Nothing like an economic crisis to get us thinking about our future.  The Learning Circuits Blog big question for March is “What will Workplace Learning look like in ten years?”  Harold Jarche and Jay Cross have questioned the value of the training department in their article “The Future of the Training Department”. Predicting the future is a sucker’s game but always fun because it is actually a visioning exercise.  As Peter Drucker once said “the best way to predict the future is to create it” .  So with that in mind here are some thoughts on the future of training and learning in the workplace.

The best way to predict the future is to create it- Peter Drucker

Back to the future: The last 10 years.

If you believe that the best predictor of the future is the past, then your view of the workplace learning in ten years would be dismal indeed.  Little of the essence of the training function has changed in the last ten years. The big questions remain– how to link to business strategy, how to measure impact and ROI, how to develop the right skills, how to create and use organizational knowledge.

The biggest change has been in technology (LMS, e-learning, authoring, collaborative tools).  Learning applications have allowed us to develop and deliver more training, more efficiently that ever before.  But more training is not necessarily better training.  A pretty good argument can be made that e-learning has actually reduced the quality and effectiveness of the learning function in organizations.  There are many notable exceptions and current developments in simulations and scenario based approaches are promising.  Rapid development tools (again with exceptions) have resulted in perpetuating the content driven information dump. However our tracking, record keeping, reporting, content management, self service and ease of access are better than ever!!!  Again to quote Drucker “There is nothing as useless as doing efficiently that which should not be done at all”.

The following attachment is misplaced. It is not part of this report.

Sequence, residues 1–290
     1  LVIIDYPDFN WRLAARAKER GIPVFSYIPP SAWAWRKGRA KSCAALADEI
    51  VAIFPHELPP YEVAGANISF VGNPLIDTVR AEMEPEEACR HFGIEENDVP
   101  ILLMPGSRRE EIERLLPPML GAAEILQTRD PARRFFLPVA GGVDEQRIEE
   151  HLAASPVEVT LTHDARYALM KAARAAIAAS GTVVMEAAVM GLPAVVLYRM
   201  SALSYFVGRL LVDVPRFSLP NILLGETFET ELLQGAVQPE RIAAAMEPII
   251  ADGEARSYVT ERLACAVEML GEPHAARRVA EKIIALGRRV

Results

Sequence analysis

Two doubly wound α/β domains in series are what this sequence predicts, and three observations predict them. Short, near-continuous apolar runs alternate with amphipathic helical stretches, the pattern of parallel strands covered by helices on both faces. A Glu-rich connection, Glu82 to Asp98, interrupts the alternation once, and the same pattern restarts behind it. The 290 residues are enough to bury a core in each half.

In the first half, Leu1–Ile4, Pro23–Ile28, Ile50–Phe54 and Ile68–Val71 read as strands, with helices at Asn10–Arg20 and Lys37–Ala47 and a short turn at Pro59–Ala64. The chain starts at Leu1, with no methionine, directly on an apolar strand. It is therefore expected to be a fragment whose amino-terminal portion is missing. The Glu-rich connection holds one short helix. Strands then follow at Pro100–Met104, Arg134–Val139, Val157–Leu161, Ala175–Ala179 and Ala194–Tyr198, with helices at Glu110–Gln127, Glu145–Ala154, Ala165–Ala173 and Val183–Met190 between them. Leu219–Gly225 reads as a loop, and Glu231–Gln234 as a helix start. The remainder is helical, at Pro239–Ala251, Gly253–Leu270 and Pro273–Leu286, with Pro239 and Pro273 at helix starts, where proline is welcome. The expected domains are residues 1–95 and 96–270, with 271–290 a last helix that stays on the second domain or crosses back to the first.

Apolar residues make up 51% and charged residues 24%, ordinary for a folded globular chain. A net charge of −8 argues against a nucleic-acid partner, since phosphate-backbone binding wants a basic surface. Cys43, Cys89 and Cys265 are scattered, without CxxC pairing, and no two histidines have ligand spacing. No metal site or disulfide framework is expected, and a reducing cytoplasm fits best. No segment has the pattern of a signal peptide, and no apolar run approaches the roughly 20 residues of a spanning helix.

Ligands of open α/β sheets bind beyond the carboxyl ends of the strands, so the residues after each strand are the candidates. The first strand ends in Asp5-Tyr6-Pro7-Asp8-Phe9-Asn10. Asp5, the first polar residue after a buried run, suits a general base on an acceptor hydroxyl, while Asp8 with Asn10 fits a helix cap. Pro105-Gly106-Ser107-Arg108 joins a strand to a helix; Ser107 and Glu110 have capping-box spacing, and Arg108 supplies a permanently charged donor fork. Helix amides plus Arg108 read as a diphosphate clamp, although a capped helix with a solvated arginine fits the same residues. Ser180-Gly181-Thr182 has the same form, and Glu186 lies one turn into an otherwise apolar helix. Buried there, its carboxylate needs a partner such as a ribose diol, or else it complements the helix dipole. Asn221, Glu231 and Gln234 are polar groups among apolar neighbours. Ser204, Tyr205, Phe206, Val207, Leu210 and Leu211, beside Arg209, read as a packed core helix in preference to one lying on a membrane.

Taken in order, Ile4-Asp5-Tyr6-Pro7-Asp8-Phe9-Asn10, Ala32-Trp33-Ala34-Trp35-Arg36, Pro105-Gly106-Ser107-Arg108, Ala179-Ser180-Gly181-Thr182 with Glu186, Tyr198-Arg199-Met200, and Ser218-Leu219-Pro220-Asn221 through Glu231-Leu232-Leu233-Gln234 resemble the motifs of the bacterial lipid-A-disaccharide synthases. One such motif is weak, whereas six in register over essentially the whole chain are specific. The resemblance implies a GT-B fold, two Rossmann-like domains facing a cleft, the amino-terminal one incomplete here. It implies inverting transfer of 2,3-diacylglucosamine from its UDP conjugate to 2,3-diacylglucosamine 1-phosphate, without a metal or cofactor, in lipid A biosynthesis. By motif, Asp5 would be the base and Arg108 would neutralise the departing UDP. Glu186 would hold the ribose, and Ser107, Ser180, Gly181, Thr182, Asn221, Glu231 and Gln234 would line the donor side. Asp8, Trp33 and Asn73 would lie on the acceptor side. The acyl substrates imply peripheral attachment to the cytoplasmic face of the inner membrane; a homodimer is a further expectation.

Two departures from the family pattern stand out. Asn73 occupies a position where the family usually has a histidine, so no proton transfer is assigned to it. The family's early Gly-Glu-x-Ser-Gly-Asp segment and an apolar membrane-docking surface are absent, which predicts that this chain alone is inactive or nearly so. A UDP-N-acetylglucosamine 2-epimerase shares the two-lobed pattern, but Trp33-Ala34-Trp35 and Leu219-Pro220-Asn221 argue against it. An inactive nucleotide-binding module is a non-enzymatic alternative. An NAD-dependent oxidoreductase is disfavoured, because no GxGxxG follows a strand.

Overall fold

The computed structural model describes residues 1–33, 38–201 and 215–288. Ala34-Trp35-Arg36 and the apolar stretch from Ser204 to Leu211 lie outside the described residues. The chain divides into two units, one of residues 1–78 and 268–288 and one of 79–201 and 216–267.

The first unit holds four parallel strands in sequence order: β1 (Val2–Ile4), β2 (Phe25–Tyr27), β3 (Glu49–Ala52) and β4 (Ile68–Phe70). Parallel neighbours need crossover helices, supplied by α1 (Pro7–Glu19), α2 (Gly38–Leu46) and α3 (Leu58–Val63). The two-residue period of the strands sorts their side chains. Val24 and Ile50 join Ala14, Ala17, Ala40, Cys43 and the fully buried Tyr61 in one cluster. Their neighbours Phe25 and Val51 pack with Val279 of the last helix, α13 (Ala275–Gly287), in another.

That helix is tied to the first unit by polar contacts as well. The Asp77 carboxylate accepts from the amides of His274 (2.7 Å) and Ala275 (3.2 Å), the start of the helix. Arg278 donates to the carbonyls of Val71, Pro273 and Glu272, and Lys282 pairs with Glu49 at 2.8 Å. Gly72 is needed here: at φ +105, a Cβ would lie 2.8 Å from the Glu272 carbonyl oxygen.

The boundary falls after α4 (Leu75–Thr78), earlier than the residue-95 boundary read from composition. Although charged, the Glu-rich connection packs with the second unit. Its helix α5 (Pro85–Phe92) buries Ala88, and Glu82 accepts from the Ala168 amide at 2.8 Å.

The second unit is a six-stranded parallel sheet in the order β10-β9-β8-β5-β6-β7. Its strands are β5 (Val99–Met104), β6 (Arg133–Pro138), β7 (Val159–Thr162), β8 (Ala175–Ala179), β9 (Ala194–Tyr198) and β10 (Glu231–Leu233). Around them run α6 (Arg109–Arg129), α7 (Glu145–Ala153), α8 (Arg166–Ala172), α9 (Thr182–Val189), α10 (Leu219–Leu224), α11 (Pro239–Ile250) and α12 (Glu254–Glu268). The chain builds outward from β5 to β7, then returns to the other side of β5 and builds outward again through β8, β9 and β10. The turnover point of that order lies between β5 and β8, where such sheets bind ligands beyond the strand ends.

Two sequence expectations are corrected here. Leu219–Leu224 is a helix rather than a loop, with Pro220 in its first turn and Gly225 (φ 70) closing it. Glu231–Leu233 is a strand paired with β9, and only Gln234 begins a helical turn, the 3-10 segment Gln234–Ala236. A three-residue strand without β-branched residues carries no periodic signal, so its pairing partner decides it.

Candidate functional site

The next ten years

Predicting the future is a bit like picking Oscar winners.  There are those you think will win vs. those you think should win.  A lot of factors are at play that may keep training in the same box as the last ten years–same back end and an ever changing skin.    To keep from exposing that cynical view too dearly, here is a list of some of my hopeful winners over the next ten years.  I don’t believe, as Harold does, that training function should be put out of it’s misery but I do hope that we can change it’s mission and methods and shape technology to meet our purposes rather than visa versa.

One mission

There are a lot of staff and line groups that compete for the performance improvement pie. This includes organizational development, operational training, knowledge management, Quality and process redesign, change management and others.  I hope in ten years we have one organization that works tightly with management to improve performance and add value to the organization.  This would allow the unit to both develop knowledge and skills and shape the environment in which the skills are to be used…resulting in much greater performance results.  Organization Effectiveness anyone?

Less training, more learning

Old news you say. Maybe, but I think “learning” has simply replaced “training” as a softer label for the same old, same old.  Informal learning methods like coaching, mentorship etc will play a role but I’d really like to see consulting services targeted at developing “ways of working” built around a natural learning cycle of  a) try something, b) collecting and chart results, c) receiving visual feedback and d) making informed adjustments. This habit of team problem solving and continuous improvement is learning.  See my posts on Let Learning Lead and Learning in Action.

Merging work and learning

With the right workflow, tools and methods, learning can be built directly into work and have far greater impact than formally structured programs.  The organizational effectiveness function should be directly involved in helping management re-design process and workflow to optimize learning, building performance support tools, and track continuous improvement.